As a solo researcher I always have gear the spend the night.     All it takes is a sprain or a broken leg and you have no choice.     About a year ago I woke up in the middle of the night sleeping in a bed, and my knee was hurting so bad I could barely walk.   I was away from home and had to spend a couple of days getting better before I could even stand to drive the two hours home.     So a fairly debilitating injury can happen at any time without some dramatic injury.    Most place where I go do not have cell coverage.   I carry the PLB to compensate for that and get help if I need it.    I do go in the field in winter but only during good weather when the chance of hypothermia is low.    That is the demon that can get you because it robs you of your decision making abilities should something go wrong.      We are lucky that modern outdoor clothing is so much better than it used to be.  

 

  I have been with hiking companions that got hypothermia.     They were young adult relatives and decided to hike in spite of my reservations about the weather so I went along just because I was concerned about the deteriorating conditions.     Of course the hypothermia hit them before me and getting them out was a challenge.   They even argued with me about how to get out.     Because they had planned the hike I assumed that one of them would have a map.    Wrong.      It was in the Columbia River Gorge and I said well the quickest way out is go down towards the traffic noise.       I had to get pretty nasty with them to get them to abort the planned hike and make our way out.  Ticking people off can actually help them hold off hypothermia.   I told them next time they would be on their own because I would refuse to go.   Anyway when they got out and warmed up they realized how much trouble they had been in.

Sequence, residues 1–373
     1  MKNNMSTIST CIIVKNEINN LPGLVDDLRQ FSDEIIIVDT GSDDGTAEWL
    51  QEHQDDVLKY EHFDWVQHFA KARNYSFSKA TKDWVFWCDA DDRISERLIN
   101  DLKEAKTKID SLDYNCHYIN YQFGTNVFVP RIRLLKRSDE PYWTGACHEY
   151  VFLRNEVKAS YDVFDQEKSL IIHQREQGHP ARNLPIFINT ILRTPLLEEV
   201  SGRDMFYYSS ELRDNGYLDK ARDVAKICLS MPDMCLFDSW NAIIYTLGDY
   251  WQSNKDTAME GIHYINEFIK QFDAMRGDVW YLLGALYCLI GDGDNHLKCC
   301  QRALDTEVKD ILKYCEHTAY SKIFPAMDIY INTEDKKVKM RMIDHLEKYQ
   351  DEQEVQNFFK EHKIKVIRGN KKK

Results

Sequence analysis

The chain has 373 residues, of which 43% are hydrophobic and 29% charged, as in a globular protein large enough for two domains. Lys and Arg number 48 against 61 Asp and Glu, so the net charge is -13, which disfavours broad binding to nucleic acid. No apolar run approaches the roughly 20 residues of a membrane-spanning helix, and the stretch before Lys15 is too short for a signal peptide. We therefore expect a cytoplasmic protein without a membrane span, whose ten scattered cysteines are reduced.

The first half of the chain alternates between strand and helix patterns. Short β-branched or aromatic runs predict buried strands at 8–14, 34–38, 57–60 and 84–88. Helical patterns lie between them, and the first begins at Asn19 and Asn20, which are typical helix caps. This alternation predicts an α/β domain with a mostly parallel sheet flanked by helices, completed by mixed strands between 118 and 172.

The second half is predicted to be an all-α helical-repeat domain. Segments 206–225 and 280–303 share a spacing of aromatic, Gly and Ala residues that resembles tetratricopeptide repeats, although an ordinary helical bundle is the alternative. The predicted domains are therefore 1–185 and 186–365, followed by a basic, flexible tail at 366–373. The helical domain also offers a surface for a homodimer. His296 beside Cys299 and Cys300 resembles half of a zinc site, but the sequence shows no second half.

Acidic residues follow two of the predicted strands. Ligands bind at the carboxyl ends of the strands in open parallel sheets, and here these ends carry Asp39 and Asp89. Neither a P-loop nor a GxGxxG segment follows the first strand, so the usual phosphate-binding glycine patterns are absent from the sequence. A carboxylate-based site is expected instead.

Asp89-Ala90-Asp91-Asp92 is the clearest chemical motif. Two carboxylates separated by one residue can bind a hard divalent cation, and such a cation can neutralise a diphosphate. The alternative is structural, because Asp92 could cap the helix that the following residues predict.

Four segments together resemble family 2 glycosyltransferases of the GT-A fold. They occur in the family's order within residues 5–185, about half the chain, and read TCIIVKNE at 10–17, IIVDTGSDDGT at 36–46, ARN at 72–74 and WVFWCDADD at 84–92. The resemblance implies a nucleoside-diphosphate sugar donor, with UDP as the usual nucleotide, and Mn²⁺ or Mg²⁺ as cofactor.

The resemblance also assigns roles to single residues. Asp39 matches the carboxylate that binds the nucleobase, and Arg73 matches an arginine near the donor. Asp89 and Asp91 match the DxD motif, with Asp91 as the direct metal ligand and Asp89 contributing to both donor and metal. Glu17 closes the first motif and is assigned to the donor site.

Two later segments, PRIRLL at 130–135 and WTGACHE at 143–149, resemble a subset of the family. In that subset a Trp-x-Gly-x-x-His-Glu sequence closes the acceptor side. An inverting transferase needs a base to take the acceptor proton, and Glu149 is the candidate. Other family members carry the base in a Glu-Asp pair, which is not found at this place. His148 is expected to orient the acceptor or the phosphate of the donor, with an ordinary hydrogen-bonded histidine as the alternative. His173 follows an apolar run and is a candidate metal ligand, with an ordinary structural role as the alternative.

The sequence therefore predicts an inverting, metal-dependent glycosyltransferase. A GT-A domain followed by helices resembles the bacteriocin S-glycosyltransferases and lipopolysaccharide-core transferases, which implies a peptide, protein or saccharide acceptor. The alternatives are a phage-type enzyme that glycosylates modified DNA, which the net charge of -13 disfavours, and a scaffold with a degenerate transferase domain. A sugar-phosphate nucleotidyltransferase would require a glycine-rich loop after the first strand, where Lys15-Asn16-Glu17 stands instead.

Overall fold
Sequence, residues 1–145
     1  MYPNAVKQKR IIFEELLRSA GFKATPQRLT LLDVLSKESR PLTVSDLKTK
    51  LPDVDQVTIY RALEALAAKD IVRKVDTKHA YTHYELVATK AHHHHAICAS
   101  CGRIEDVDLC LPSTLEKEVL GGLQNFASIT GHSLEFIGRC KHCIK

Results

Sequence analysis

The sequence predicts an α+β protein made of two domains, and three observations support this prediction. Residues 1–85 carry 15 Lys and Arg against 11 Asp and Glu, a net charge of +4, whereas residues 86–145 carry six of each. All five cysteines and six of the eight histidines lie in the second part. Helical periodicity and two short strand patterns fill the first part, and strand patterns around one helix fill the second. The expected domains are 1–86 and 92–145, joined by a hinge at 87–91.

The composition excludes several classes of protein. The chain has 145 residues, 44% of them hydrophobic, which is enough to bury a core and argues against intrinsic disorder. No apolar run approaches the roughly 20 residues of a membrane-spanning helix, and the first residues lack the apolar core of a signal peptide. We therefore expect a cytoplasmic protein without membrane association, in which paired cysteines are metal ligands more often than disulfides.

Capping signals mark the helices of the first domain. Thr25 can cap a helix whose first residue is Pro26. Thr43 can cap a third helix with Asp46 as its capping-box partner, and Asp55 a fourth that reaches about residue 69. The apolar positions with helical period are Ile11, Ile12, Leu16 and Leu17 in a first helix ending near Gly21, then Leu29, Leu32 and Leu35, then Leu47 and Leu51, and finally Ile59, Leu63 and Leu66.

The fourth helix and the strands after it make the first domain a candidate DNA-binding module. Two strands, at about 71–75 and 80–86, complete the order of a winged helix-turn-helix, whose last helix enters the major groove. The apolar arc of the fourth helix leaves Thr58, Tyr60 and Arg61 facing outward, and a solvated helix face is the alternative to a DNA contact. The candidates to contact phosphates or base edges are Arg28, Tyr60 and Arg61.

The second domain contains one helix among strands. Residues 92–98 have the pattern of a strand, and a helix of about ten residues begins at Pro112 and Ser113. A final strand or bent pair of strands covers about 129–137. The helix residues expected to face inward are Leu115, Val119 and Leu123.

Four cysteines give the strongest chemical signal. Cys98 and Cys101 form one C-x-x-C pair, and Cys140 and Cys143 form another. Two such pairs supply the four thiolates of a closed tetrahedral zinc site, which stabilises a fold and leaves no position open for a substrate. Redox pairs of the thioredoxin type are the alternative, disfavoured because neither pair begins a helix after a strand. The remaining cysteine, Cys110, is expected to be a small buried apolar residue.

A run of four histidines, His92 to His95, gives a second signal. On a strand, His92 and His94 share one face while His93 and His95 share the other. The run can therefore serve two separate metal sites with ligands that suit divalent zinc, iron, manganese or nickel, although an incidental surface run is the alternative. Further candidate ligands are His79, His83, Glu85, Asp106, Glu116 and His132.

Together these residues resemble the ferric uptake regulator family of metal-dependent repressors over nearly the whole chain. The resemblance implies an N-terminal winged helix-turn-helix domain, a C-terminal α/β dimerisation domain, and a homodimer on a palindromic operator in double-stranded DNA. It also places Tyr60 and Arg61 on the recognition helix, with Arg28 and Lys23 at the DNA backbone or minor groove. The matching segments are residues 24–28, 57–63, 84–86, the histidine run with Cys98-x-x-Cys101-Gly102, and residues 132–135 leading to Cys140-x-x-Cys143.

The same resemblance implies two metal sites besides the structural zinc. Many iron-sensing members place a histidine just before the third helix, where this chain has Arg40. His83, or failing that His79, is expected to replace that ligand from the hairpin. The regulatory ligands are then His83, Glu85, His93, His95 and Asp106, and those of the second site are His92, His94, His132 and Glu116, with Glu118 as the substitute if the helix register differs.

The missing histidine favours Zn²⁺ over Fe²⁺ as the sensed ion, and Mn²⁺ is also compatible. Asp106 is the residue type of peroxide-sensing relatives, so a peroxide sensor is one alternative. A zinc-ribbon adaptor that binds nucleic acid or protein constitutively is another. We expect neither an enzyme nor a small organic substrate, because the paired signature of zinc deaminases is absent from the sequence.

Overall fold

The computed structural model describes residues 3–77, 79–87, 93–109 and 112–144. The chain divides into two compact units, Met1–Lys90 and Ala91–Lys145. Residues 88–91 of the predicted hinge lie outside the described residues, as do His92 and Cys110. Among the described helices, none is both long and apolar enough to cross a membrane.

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Catmandoo

 

6 hours ago, SWWASAS said:

They were young adult relatives

 

They should have had that app that helps them pull their heads out.

 

Whatever happened to the procedure of hiking a short distance, stopping, turning around and studying the landscape ( physical memory ) to 'see' what the return trip out will look like?  Then there is the bio-degradable flagging tape that can be used to mark the trail.